Six thousand horsepower for fourteen lightweight passenger cars! Union Pacific’s premiere Los Angeles to Chicago streamliner, the City of Los Angeles, in 1941, was powered along the entire route by a single EMD E6 A-B-B trio.
In the 1930’s Union Pacific were pioneers in lightweight diesel-powered streamlined passenger trains. Ironically, this forward thinking in dieselization did not extend to freight operations. UP watched all of their main Western competitors dieselize their fast freight trains with EMC/EMD FT locomotive sets prior to and during World War 2. It seems as though their situation was similar to New York Central’s: pre-war, the UP had many modern and powerful 4-8-4, 4-6-6-4, and 4-8-8-4 steam locomotives, as well as many, many other types large and small. They also had plenty of coal fuel from company mines in Wyoming.
Among the first diesels to wear UP’s iconic Armour Yellow/Harbor Mist Gray (I believe that other EMD E6’s delivered in August 1940 were the very first), this striking model is by Broadway Limited Imports (this version circa 2015, I think). It was the next in line to be upgraded with Soundtraxx Tsunami 2 DCC&Sound, Soundtraxx LEDs, and Sergent couplers for each unit.
Appearance-wise, the model is quite good. The only major error of note is that it has the more common solid pilot. The A-unit actually had a perforated pilot with many horizontal oval holes. I understand why BLI offered it like this and I can live with it. If this were a layout engine, I would try to make the correction (perhaps with a 3D printed part), but I know my skill would not allow me to make the change to a high level of finish needed for a display model, so I’ll leave it.
Competitor to Santa Fe’s Super Chief, but unlike that premiere train, the City of Los Angeles had dedicated power. They were uniquely “numbered” as LA-4, LA-5, & LA-6. For DCC purposes I have assigned the addresses 1214, 1215, & 1216 respectively – “L” is twelfth letter in alphabet (12), “A” is the first (1), and the numbers 4, 5, & 6 added as appropriate. The number boards show “104” which is the eastbound train number (103 would be the westbound).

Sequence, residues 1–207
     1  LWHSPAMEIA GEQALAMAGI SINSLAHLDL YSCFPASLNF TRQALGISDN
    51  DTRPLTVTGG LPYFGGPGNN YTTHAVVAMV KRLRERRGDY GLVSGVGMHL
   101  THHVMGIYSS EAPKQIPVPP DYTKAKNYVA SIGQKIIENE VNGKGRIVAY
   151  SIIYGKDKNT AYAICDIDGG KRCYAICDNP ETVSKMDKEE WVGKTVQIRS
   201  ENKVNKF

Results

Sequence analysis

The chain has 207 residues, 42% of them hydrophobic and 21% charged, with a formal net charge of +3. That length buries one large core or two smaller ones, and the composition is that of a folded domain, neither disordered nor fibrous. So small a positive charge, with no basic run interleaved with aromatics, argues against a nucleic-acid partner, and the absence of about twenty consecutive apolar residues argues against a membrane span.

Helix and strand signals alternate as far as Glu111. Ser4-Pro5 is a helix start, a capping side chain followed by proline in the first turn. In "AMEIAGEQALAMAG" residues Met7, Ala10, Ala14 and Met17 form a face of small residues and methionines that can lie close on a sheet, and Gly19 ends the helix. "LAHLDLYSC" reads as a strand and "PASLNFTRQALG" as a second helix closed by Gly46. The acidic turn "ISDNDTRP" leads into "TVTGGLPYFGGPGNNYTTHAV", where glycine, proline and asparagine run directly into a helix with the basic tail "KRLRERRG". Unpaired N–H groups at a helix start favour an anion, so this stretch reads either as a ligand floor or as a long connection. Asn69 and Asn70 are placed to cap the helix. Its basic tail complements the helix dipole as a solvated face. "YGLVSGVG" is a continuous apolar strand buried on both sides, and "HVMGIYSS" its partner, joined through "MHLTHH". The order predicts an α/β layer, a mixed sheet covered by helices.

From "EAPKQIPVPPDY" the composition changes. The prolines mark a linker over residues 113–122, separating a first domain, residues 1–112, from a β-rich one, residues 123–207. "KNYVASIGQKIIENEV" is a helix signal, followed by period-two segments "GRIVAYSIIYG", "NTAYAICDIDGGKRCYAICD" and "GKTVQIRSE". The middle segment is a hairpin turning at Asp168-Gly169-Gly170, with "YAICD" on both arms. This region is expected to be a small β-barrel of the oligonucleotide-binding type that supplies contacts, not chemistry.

The sister train City of San Francisco also had an identical dedicated locomotive set numbered SF-4, SF-5, & SF-6.
The CoLA locomotives were delivered in February & March 1941 (EMD s/n 1172 [LA-4], 1173 [LA-5], 1174 [LA-6]).
The Classic Trains book Passenger Trains of Yesteryear: Chicago Westbound (J. Welsh, Kalmbach, 2002) has a very nice overhead picture (p. 34) of the 1941 CoLA leaving for Los Angeles from Chicago’s North Western Terminal.
It would be crewed and cared for by the Chicago & North Western Line to Omaha, Nebraska, where it would then continue westward on Union Pacific rails. The joint ownership is reflected on the nose of the lead unit with heralds from both railroads displayed.
In the fairly recent Classic Trains special issue Great Trains West (2016), there is a good article on UP’s streamlined City trains.
I had some fun moving the units around the engine terminal from the coach yard lead to Ready Track 1. However, uncoupling and coupling was very difficult due to the heavy spring force on the diaphragms not allowing to run in some coupler slack. For cars in the Fillmore coach yard, this will be something I have to improve if I want to move towards full Sergent “coupler-ization”. Here are some photos from the unit shuffle…